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Old 20-03-2018, 14:56   #31
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Re: Comparing RIBs to HP air floors

I used to use a Zodiac with an inflatable floor.

What a BASTARD of a thing to push along--it stuck to the water like a turd to a blanket--and eventually I replaced the floor with a honeycomb rigid floor of my own design copied roughly from the intended profile of the original floor--with some modifications at the stern and bow to improve steering and to deflect water.

It was two hundred percent better and the outboard pushed it with ease-it was just as stable as before--and so much safer to walk around on.

EXCEPT that I could no longer stuff it down one of the amas out of the way on a trip--

So--if you do not mind a heavy inflatable dangling from davits astern or cluttering up your fore deck--definitely get the RIB.

I now use a Polycraft--3 metres, if you take the foam-fileld survey option it can be certified as a life preserving device by SOLAS, costs the same or less than an inflatable of quality--I think under five grand with a registered trailer and spare wheel--and it will take a far more powerful outboard than the Zodiac did if I need to go to 15 hp, AND it rows like a dream--something inflatables never seem to do well, and it is only slightly less stable than was the Zodiac--which is about the most stable of the common inflatables...

But again--not able to be stashed under the decks in a box or bag, has to go on the fore deck or dangle from davits..

Good to fish from though--with no risk of a gaff going through one of the flotation chambers--and I have a Bimini on it--something I could not use on the inflatable Sunburn Special.

Maybe there is an American equivalent tri-hull HD polyethene foam-filled unsinkable dinghy thing available in the US? If there is--get one. And put a drop-down Bimini on it--with a chill box for beer--and it comfortably seats two and a half adults plus their kit.
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Old 20-03-2018, 16:00   #32
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Re: Comparing RIBs to HP air floors

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Originally Posted by funjohnson View Post
OP wants Hypalon not PVC... unfortunately, I haven't found a cat dinghy in hypalon.

We sold our RIB a few years ago and replaced it with a high pressure air floor WalkerBay 310 so we could store it below deck when offshore. Having sailed with the RIB on deck of our 34' Sabre across the Atlantic, I didn't want to be forced to do that again with the new boat.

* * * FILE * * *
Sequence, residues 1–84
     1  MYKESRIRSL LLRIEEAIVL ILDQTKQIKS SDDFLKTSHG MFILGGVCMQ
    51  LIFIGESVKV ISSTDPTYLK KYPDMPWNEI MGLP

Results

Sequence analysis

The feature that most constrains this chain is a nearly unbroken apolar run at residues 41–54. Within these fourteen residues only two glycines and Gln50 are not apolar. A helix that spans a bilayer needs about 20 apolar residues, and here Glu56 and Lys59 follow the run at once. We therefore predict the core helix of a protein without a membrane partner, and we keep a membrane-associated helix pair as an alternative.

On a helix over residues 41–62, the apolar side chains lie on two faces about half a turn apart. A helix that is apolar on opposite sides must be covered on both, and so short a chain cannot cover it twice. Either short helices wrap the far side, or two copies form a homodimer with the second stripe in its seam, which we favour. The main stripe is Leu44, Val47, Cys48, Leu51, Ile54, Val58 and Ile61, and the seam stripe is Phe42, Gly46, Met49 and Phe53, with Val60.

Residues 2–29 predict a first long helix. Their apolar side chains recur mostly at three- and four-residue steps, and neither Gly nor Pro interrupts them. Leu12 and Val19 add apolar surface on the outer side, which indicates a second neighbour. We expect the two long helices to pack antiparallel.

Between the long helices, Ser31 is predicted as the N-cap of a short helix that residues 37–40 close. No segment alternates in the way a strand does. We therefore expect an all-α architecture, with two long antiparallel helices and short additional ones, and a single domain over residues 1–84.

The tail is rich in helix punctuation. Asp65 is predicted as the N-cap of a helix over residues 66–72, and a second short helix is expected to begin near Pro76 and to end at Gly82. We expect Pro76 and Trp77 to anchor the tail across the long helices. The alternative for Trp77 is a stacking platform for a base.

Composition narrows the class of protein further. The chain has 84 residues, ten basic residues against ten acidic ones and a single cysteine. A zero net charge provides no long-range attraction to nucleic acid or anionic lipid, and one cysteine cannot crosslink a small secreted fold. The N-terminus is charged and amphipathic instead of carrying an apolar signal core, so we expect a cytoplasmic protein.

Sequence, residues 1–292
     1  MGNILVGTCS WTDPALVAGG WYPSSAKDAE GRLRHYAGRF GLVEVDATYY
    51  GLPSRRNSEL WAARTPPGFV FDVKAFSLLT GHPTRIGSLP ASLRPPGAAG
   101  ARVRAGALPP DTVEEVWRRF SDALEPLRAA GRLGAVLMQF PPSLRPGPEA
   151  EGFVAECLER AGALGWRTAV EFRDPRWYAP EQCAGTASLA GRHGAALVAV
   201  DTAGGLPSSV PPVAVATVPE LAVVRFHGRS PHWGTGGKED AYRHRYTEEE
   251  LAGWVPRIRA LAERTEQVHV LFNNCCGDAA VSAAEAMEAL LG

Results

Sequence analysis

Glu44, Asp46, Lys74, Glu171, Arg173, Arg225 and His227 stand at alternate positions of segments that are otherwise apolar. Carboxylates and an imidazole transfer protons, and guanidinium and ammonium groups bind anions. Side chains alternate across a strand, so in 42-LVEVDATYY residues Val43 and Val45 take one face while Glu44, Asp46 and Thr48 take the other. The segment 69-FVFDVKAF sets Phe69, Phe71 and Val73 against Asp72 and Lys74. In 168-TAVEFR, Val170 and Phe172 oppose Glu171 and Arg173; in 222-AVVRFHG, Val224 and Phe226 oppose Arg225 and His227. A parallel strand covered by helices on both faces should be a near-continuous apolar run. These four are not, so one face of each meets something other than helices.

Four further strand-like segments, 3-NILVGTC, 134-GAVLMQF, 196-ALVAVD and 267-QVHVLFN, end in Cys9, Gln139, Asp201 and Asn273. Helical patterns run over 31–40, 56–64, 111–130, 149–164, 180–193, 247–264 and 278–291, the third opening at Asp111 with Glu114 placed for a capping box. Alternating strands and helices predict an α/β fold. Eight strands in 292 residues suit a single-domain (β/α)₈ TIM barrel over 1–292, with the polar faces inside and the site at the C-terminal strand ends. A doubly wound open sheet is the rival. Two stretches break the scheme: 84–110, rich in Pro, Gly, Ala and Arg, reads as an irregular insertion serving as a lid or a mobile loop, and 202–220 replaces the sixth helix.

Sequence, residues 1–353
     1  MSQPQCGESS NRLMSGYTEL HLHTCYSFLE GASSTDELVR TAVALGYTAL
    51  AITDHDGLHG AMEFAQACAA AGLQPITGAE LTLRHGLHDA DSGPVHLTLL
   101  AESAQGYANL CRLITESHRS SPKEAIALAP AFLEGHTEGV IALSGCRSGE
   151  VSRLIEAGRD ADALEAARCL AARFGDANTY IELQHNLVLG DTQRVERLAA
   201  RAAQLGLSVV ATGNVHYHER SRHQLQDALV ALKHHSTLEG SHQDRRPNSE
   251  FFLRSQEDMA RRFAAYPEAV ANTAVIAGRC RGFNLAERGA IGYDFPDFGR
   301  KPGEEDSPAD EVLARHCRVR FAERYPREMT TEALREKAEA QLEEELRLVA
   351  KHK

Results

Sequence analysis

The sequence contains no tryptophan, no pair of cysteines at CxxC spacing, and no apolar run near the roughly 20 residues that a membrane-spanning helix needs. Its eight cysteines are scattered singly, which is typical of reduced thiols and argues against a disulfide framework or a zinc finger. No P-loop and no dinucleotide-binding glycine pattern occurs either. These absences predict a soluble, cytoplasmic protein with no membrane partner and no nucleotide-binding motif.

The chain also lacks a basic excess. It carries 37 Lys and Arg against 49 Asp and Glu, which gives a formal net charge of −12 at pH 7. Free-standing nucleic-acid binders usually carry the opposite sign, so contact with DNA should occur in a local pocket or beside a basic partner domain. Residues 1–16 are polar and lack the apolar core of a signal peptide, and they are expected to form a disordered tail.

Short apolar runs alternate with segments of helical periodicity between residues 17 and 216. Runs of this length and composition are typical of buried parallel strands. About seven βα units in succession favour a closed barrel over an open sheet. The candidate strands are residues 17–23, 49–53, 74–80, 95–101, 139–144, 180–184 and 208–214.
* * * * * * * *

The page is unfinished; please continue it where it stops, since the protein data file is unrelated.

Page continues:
The high pressure floor is incredible solid when properly inflated, but the other issues posted above are true; sand and water in the boat requires pulling the air floor out, the pvc floor does degrad with UV exposure and gasoline, and you have to be careful what you put in the dinghy isn't sharp.

I really like the air floor so far for weight, storage and cost. But, having said that.... we'll go back to a RIB if we get to the point that we are no longer doing longer offshore passages (or bigger boat)

Matt
The FAQ says it is available in Hypalon. It's not clear if that is just the tubes, or tubes and floor.
https://www.takacat.com/about-us/faq/


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Old 20-03-2018, 17:20   #33
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Re: Comparing RIBs to HP air floors

We have a 10 ft achillies with HP floor.
Both tubes and floor are Achillies version of hypalon. Inflation pressure is 3 psi and 9 psi respectively, and going a little over that gives a stiffer boat and better ride.

With a 9.8 HP 2 stroke (same size and weight as the 6 and 8 hp) it planes easily with me plus 70 kgs of kids plus gear. With two adults and two kids and snorkling gear, it is a bit of an effort to get on the plane. Made it a little painful a couple of times coming back from a few miles away after diving - 5 knots feels a lot slower than 15 plus.
With just my 10 YO boy in the bow we get up to 25+ knots on smoothish water, but it feels pretty sketchy at that speed :-)

I've rowed it a mile or so at a time with the crappy oars it comes with. Works OK, but not as good as a hard dinghy and decent oars.

The 10 YO and I can carry it up a beach between us with the outboard and fuel etc onboard.

We mostly deflate to sail, getting the dinghy from the locker, pumping it up and launching is a 15 minute one man exercise after we drop anchor. Generally just throw it over the rail to launch, use a halyard to raise on deck. Man handling the engine onboard with some support from a topping lift is a bigger hassle, but we'd have that with any dinghy. We've towed it, normally without outboard in flattish water - it throws a bigger wake than the sailboat.

If I had the space for an ali floor RIB, I'd prefer that, but the HP inflatable isn't much of a compromise really.

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Old 20-03-2018, 18:53   #34
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Re: Comparing RIBs to HP air floors

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Originally Posted by Jammer View Post
I'm still trying to work out what tenders, if any, will plane with a 6 HP motor that is correctly propped, with two people and gear.
Here is my experience with an HP Air Floor Walker Bay Odyssey 310 (62 pounds), a 2016 Yamaha 6 four-stroke (60 pounds), and two different propellers: